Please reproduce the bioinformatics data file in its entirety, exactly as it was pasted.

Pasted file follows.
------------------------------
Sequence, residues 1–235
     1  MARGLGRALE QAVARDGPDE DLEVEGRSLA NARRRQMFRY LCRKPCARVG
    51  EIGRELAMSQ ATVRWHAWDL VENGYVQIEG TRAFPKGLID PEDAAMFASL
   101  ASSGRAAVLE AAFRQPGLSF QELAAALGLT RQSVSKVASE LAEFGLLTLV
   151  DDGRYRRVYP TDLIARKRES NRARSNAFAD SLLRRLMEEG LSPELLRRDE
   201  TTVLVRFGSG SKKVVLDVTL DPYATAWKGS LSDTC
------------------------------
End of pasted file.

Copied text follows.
Sequence, residues 1–235
     1  MARGLGRALE QAVARDGPDE DLEVEGRSLA NARRRQMFRY LCRKPCARVG
    51  EIGRELAMSQ ATVRWHAWDL VENGYVQIEG TRAFPKGLID PEDAAMFASL
   101  ASSGRAAVLE AAFRQPGLSF QELAAALGLT RQSVSKVASE LAEFGLLTLV
   151  DDGRYRRVYP TDLIARKRES NRARSNAFAD SLLRRLMEEG LSPELLRRDE
   201  TTVLVRFGSG SKKVVLDVTL DPYATAWKGS LSDTC